You probably know where to find Pensacola’s best burgers and craft beer or great fishing spots and knockout views. You might even know the exact number of stairs at the historic Pensacola Lighthouse — 177, for those counting. Living in America’s First Settlement, we know it can be laborious to know all the history of Pensacola. With so much history to pride ourselves on, we’ve picked a few facts from the city’s past that even most natives probably don’t know. Let’s do the rundown.
How Pensacola got its name
Panzacola was a name of Native American origin given to Pensacola Bay and subsequently to the Spanish settlements built here in the 17th and 18th centuries, specifically the Presidio San Miguel de Panzacola. It is the antecedent of the modern name Pensacola.
The word was first reported by Juan Jordán de Reina, who in 1686 encountered a group of Native Americans by the bay and transliterated their word for it, later referring to them collectively as the “Panzacolas.”
It is commonly held that “Panzacola” was the name of the tribe (and further, that the word means “hairy people”), but is unknown if this was indeed the demonym they gave themselves.
The name Panzacola became synonymous among the Spanish with the bay and its surrounding settlements. The settlements at Presidio Santa María de Galve, Presidio Isla de Santa Rosa, and Presidio San Miguel were all known alternatively as “Panzacola” during their respective establishments.
The San Miguel presidio was officially named “Panzacola” by royal decree in 1757. The change of pronunciation to “Pensacola” seems to have occurred under British rule, as the English used “Panzacola” and “Pensacola” interchangeably; when the city returned to Spanish rule, “Panzacola” was again used exclusively until the 1821 cession to the United States.
The streetcar trolleys were the way to get around town
The Pensacola streetcar trolley system was a public transportation system that was operated by various entities between 1884 and 1932. The trolley sytstem was founded by Conrad Kupfrian, a German immigrant who drew inspiration from the horsecars in St. Louis to setup Pensacola’s streetcars.
Kupfrian, along with business partners John Pfeiffer and John Cosgrove, established the Pensacola Streetcar Company and lobbied the Pensacola City Council to allow steel track to be placed on streets within the city.
The first streetcars, which went operational in 1884, ran from Pensacola Bay north along Palafox Street to Wright Street, then east to the Union Depot, then south along Alcaniz to Gregory and west to DeVilliers Street. A north-south link at DeVilliers went south to Government Street and east again to Palafox. The trolley fare cost five cents – about $1.50 in today’s dollars.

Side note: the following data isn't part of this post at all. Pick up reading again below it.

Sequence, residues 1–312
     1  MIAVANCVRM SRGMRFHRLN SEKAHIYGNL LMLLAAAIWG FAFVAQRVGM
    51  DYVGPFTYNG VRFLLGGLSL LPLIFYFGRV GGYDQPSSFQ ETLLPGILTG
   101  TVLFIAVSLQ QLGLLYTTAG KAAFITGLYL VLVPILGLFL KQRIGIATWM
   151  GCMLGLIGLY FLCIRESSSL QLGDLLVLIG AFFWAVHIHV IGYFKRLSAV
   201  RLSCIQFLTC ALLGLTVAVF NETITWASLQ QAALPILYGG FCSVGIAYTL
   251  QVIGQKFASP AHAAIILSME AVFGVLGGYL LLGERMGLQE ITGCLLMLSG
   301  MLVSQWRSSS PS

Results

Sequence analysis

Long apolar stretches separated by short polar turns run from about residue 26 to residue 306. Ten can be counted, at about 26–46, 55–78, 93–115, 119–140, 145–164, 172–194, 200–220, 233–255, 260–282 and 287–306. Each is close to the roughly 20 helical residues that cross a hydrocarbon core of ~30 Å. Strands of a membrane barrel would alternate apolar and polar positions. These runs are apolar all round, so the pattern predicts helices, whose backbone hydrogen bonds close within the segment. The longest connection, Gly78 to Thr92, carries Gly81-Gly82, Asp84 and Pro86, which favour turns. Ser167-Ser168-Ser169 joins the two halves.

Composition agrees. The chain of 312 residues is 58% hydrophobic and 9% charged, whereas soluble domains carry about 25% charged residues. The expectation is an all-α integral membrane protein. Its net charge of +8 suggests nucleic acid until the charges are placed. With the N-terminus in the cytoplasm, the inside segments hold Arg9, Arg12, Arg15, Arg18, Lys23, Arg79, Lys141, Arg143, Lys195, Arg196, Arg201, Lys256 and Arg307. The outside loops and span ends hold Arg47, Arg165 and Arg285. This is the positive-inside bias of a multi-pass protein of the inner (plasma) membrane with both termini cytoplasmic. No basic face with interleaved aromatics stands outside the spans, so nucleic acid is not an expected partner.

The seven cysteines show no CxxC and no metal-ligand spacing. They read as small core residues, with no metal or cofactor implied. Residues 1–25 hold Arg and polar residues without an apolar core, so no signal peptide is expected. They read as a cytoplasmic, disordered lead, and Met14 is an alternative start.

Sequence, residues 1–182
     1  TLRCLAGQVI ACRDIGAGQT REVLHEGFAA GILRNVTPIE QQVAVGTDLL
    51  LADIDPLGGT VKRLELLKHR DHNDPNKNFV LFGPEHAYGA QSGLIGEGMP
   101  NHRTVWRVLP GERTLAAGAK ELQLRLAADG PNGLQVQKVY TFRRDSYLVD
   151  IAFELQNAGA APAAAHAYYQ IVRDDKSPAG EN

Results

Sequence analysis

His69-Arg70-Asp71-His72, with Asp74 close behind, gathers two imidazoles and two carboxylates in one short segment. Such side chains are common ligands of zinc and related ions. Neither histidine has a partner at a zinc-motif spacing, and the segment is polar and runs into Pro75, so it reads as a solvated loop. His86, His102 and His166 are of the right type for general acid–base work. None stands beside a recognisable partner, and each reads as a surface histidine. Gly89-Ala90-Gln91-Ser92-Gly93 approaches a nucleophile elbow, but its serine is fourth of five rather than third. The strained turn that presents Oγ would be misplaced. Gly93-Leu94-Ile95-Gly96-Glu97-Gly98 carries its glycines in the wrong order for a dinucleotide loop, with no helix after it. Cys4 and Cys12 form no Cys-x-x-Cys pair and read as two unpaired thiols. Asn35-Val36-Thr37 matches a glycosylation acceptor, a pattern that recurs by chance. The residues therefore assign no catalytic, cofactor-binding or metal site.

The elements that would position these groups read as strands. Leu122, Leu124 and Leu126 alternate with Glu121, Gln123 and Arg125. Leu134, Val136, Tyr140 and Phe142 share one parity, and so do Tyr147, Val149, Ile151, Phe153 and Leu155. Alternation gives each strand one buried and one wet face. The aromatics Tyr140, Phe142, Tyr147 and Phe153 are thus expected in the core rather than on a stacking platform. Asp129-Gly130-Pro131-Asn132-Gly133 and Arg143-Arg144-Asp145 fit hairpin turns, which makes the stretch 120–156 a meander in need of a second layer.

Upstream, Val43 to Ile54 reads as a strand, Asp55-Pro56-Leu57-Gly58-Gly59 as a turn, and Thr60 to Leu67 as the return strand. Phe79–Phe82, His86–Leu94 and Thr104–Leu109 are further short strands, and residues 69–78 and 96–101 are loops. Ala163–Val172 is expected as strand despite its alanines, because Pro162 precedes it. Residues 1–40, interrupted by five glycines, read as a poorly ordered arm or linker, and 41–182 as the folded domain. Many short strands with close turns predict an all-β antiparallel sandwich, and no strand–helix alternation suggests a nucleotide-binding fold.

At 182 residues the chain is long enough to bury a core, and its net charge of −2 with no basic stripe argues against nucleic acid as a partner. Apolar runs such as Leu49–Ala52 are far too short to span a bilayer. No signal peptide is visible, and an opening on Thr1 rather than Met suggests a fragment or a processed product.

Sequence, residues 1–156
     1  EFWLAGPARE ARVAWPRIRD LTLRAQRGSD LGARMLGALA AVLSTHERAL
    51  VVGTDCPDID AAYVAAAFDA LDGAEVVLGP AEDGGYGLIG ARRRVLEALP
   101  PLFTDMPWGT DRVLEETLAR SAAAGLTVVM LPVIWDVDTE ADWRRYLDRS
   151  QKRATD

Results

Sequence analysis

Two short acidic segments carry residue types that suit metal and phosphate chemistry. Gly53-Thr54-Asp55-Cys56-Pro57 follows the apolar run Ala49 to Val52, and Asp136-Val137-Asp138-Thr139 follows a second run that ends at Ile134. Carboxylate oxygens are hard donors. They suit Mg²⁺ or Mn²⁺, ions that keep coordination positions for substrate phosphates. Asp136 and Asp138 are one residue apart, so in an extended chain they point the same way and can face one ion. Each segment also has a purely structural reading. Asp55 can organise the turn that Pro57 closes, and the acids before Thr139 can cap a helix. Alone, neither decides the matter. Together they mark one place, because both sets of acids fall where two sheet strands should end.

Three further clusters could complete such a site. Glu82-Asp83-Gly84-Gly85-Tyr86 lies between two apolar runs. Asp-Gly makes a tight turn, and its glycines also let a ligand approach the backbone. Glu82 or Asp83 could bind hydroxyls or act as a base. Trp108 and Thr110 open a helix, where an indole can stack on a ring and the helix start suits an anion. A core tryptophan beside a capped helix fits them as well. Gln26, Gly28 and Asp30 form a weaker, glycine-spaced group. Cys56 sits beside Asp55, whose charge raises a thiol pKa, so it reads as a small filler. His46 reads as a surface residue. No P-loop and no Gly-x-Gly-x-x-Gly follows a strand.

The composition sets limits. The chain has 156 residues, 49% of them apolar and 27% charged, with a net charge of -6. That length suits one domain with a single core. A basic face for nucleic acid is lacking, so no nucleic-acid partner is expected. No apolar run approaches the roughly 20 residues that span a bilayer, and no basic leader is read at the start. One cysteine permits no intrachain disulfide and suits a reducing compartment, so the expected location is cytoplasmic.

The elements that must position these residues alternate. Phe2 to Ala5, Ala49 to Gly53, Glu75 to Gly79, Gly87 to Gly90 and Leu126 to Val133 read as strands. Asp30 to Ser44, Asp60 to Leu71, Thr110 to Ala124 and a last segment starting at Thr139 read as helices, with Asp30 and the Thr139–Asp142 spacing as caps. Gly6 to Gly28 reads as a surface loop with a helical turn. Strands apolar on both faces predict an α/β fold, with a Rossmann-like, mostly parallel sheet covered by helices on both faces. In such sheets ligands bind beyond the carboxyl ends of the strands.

Due to the popularity of the automobile, and driven by heavy lobbying efforts by car manufacturers and other special interests, streetcar service was discontinued in 1932, replaced by motor bus service operated by the Pensacola Coach Corporation.
At its peak in 1920, a total of 30 trolley cars carried four million passengers per year. Some of the old rail tracks are still visible in various places along the former routes, including on West Gadsden Street, West DeSoto Street, and East Jackson Street.
The first catholic mass in the new world was on Santa Rosa Island
The first Catholic Mass in the United States was held on Pensacola Beach shortly after the Spanish arrived in the Summer of 1559.
The cross on Santa Rosa Island commemorates the first Catholic Mass celebrated in the continental United States on August 15, 1559.
It was in 1559 that Tristan de Luna, with eleven ships and 1,500 people, including five Catholic Dominican priests, landed on the shores of Pensacola Beach.
American pioneer Daniel Boone wanted to settle in Pensacola
Daniel Boone came through Pensacola during the British period in 1763. The British government offered Protestant settlers 100 acres of land. Boone traveled from present-day Boone, NC through St. Augustine to Pensacola. Returning home on Christmas Day 1765, he announced that he had obtained a place to settle in Pensacola. His wife refused to leave North Carolina, putting an end to the issue.
After his father’s death in 1765, Boone traveled with his brother Squire and a group of men to Florida, which had become British territory after the end of the war, to look into the possibility of settling there. According to a family story, Boone purchased land near Pensacola, but Rebecca refused to move so far away from her friends and family. The Boones moved to a more remote area of the Yadkin River Valley, and Boone began to hunt westward into the Blue Ridge Mountains.
Pensacola was the capital of a state that stretched to New Orleans
The calm and winding Perdido River currently serves as Florida’s western boundary, but that hasn’t always been the case. Two centuries ago, Florida’s territory extended all the way to the Mississippi River, touching the thriving port city of New Orleans. The story of how the humble Perdido ended up as Florida’s western edge is a complex but important one.
The frequent changes in Florida’s boundaries symbolized the competition between European empires (and later the United States) for territory on the North American continent. Spain, France, and Great Britain all established colonies that expanded, contracted, and shifted according to their respective fortunes and priorities. As a result, early maps of North America generally give a very vague sense of where Florida was supposed to be. After Juan Ponce de Leon claimed Florida for Spain in 1513, the Spanish continued exploring the present-day Southeastern U.S. and expanding their claims to the land. At various times maps show Spanish Florida reaching as far west as Texas and as far north as the Carolinas and the present-day Midwest!